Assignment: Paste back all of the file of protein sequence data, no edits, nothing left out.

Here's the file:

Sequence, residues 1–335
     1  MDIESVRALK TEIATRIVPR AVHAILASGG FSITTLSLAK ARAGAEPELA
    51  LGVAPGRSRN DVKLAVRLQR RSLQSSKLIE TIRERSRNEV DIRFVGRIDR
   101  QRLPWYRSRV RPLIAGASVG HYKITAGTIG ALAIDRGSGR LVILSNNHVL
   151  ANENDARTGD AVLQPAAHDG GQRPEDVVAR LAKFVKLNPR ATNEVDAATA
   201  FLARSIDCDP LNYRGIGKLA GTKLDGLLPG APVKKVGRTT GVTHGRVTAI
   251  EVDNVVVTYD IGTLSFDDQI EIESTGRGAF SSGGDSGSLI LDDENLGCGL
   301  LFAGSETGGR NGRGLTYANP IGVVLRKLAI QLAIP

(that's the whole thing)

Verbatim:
Sequence, residues 1–335
     1  MDIESVRALK TEIATRIVPR AVHAILASGG FSITTLSLAK ARAGAEPELA
    51  LGVAPGRSRN DVKLAVRLQR RSLQSSKLIE TIRERSRNEV DIRFVGRIDR
   101  QRLPWYRSRV RPLIAGASVG HYKITAGTIG ALAIDRGSGR LVILSNNHVL
   151  ANENDARTGD AVLQPAAHDG GQRPEDVVAR LAKFVKLNPR ATNEVDAATA
   201  FLARSIDCDP LNYRGIGKLA GTKLDGLLPG APVKKVGRTT GVTHGRVTAI
   251  EVDNVVVTYD IGTLSFDDQI EIESTGRGAF SSGGDSGSLI LDDENLGCGL
   301  LFAGSETGGR NGRGLTYANP IGVVLRKLAI QLAIP